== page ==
The Coastal Wardens will be on watch for anything in way of disturbance or illegal activity whilst out on routine patrols.

If you do see anything within our Adur and Worthing coastal garden that looks suspicious from removal of shingle / sand to uprooting of any plants please get in touch with Worthing Coastal Office on 01903 238 977.

Photo: Sea Kale on Shoreham Beach

2021-08-06 - Sea Kale on Shoreham Beach

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30th July 2021: Danger! High Voltage

Amanda Falconer, Coastal Office

Hi - my name is Amanda and I am the blogger of the week at Worthing Coastal Office.

I hope you have been enjoying the recent heatwave, as we are probably going to experience some weather over the next few days which isn't so good for sunbathing!

Yes, thunderstorms are on the way ... let's understand why.

Firstly, it's worth remembering that thunder is the sound caused by lightning and a thunderstorm is a storm with thunder and lightning.

You may have read my blog about clouds a couple of months ago? So can you remember what type of cloud causes a thunderstorm? The correct answer is Cumulonimbus which is associated with heavy rain, hail, snow and even tornadoes.

Thunder is caused when a lightning bolt travels from the cloud to the ground, as it opens up a small hole in the air known as a channel. Once the light has gone, the air collapses inwards and causes a sound wave that we hear as thunder.

While the intensity of a lightning strike can make them appear as thick bolts across the sky, their width is only 2 to 3 cm. The average length of a lightning bolt is 2 to 3 miles. The charge carried down this channel is so intense that the temperature of the lightning reaches 30,000 degrees (that is five times hotter than the surface of the sun)!

2021-07-30 - Thunderbolt (Pixabay - 1905603)

So, what is lightning? Lightning is an electric current within a thundercloud of frozen raindrops which bump into each other as they move around the cloud - every collision generates an electric charge. After some time the cloud fills up with electrical charges and the protons (positive charges) form at the top of the cloud and the electrons (negative charges) form at the bottom of the cloud.

Since opposites attract it causes a positive charge to build up on the ground below the cloud. The ground electrical charge will focus on anything that comes in contact with it such as people, animals, buildings and trees. The charge coming up from the ground will eventually connect with a charge reaching down from the sky and a lightning bolt will result.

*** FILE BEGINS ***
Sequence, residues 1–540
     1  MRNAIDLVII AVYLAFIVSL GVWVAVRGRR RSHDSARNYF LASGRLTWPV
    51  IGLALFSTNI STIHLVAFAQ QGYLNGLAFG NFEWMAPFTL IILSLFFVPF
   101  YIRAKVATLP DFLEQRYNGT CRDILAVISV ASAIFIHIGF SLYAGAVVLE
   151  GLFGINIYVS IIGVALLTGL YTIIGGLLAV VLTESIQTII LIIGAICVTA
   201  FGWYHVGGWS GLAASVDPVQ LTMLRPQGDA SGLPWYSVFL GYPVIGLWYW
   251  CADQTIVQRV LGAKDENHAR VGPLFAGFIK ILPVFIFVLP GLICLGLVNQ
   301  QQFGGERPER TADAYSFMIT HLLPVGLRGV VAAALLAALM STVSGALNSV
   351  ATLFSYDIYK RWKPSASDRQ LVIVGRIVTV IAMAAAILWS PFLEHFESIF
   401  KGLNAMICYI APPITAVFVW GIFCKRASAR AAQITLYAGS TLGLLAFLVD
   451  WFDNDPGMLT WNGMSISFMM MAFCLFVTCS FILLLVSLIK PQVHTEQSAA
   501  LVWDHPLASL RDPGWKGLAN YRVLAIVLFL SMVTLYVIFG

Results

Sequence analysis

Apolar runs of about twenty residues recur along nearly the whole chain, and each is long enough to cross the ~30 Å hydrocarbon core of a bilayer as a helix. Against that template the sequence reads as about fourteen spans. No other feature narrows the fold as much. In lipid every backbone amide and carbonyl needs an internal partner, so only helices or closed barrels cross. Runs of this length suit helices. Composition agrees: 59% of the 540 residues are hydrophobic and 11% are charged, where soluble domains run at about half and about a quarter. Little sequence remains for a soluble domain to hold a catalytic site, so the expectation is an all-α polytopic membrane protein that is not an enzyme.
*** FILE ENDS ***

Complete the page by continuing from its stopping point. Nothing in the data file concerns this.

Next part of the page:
Trees can often be destroyed by lightning strikes, when lightning hits a tree it usually travels just below the surface of the tree's bark where there is a layer of sap and water. This layer becomes instantly heated and expands, causing the bark to be blasted off the tree. However, lightning is helpful in helping plants to grow.

When lightning strikes sand or sandy soil it fuses together the grains to create a small glass tube known as a fulgurite (photo below). They are not only prized by collectors but are also of great scientific value in demonstrating the past occurrence of lightning strikes.

2021-07-30 - Fulgurite (Courtesy Wikipedia Creative Commons)

To tell how far away a thunderstorm is, simply count the number of seconds between the flash of lightning and the boom of the thunder that follows divide this number by five - this tells you how many miles you are away from the storm (divide by three for the distance in Km).

Keep safe on the beach over the summer months.

The fulgurite photo is licenced under the Creative Commons Attribution-Share Alike 3.0 Unported, 2.5 Generic, 2.0 Generic and 1.0 Generic licence.

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23rd July 2021: Busy beaches and promenades

Wayne Hobden, Coastal Office

Hi - my name is Wayne and I am the blogger for this week at Worthing Coastal Office.

With the summer holidays starting, the beaches and promenades are busier than ever before with everyone doing their stay-at-home vacation. Therefore, I think it's important just to reiterate some of the rules and bylaws that are in place to ensure everyone has the best experience possible.

The dog restriction zones. So, your four-legged waggly tail friends are not permitted on the beach between Splash Point to Heene Road in Worthing and between the two launching ramps in Goring from the sailing club to Alinora 'jet ski' ramp. Please also note that the jet ski lane is for transiting in and out and not a play area.

Personal watercraft (jet skis) and boats that are using the public Alinora Jet Ski ramp are reminded to please make sure you keep your speed down to 8 knots until you have left the transit lane past the two large buoys at the end. This also applies when coming back in as there will be swimmers and families close by.

Electric scooters, although an environmentally friendly way of travelling, are not permitted on the promenade and can only be used on private land where the owner has granted permission.

It's also good to remember that the promenade is a shared place for pedestrians and cyclists. Please be aware of your surroundings and keep the speed down when travelling along the popular path so it can be enjoyed by all. There is no cycling on the section of promenade which starts from George V Avenue and heads west towards Ferring.

And finally, we kindly ask that if the bins are full to please take your rubbish home. There has been a large amount of rubbish left and strewn along our coastline which is just not acceptable.

Although this may seem like a long list of dos and don'ts, they are in place for everyone's safety and to be able to enjoy the coastline.

Have a great weekend, Wayne.

2021-05-07+07-23 - Dog on beach (Pixabay 1242909) Two people on a jet ski (Pexels 1430675) Cycling on Worthing seafront

2021-07-23 - Worthing Pier and beach at low tide

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The Coastal Office

The Coastal Office can be found on Worthing seafront just to the east of the Worthing Lido, west of the Pier.

Worthing Coastal Office

Location of the Coastal Office on Worthing seafront (just to the east of The Lido)

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Page last updated: 24 November 2021